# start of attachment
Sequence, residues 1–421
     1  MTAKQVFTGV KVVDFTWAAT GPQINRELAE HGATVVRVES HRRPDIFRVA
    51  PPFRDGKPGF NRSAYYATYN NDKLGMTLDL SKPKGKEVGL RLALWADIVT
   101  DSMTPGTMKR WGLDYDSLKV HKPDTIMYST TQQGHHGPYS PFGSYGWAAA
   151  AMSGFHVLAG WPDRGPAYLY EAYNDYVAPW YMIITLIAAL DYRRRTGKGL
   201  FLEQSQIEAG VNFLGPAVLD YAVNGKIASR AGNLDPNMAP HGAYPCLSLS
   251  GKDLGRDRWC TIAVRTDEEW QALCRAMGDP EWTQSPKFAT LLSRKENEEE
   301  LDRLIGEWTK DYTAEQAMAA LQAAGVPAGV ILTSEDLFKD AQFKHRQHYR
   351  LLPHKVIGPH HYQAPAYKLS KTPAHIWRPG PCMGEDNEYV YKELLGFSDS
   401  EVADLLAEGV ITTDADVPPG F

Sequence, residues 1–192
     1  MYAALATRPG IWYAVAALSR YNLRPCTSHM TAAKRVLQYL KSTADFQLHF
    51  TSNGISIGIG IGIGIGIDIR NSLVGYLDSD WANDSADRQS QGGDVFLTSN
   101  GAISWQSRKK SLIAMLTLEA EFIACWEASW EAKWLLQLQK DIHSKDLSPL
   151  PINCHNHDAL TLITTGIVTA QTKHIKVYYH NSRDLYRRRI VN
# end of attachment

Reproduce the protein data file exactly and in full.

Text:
Sequence, residues 1–421
     1  MTAKQVFTGV KVVDFTWAAT GPQINRELAE HGATVVRVES HRRPDIFRVA
    51  PPFRDGKPGF NRSAYYATYN NDKLGMTLDL SKPKGKEVGL RLALWADIVT
   101  DSMTPGTMKR WGLDYDSLKV HKPDTIMYST TQQGHHGPYS PFGSYGWAAA
   151  AMSGFHVLAG WPDRGPAYLY EAYNDYVAPW YMIITLIAAL DYRRRTGKGL
   201  FLEQSQIEAG VNFLGPAVLD YAVNGKIASR AGNLDPNMAP HGAYPCLSLS
   251  GKDLGRDRWC TIAVRTDEEW QALCRAMGDP EWTQSPKFAT LLSRKENEEE
   301  LDRLIGEWTK DYTAEQAMAA LQAAGVPAGV ILTSEDLFKD AQFKHRQHYR
   351  LLPHKVIGPH HYQAPAYKLS KTPAHIWRPG PCMGEDNEYV YKELLGFSDS
   401  EVADLLAEGV ITTDADVPPG F

Sequence, residues 1–192
     1  MYAALATRPG IWYAVAALSR YNLRPCTSHM TAAKRVLQYL KSTADFQLHF
    51  TSNGISIGIG IGIGIGIDIR NSLVGYLDSD WANDSADRQS QGGDVFLTSN
   101  GAISWQSRKK SLIAMLTLEA EFIACWEASW EAKWLLQLQK DIHSKDLSPL
   151  PINCHNHDAL TLITTGIVTA QTKHIKVYYH NSRDLYRRRI VN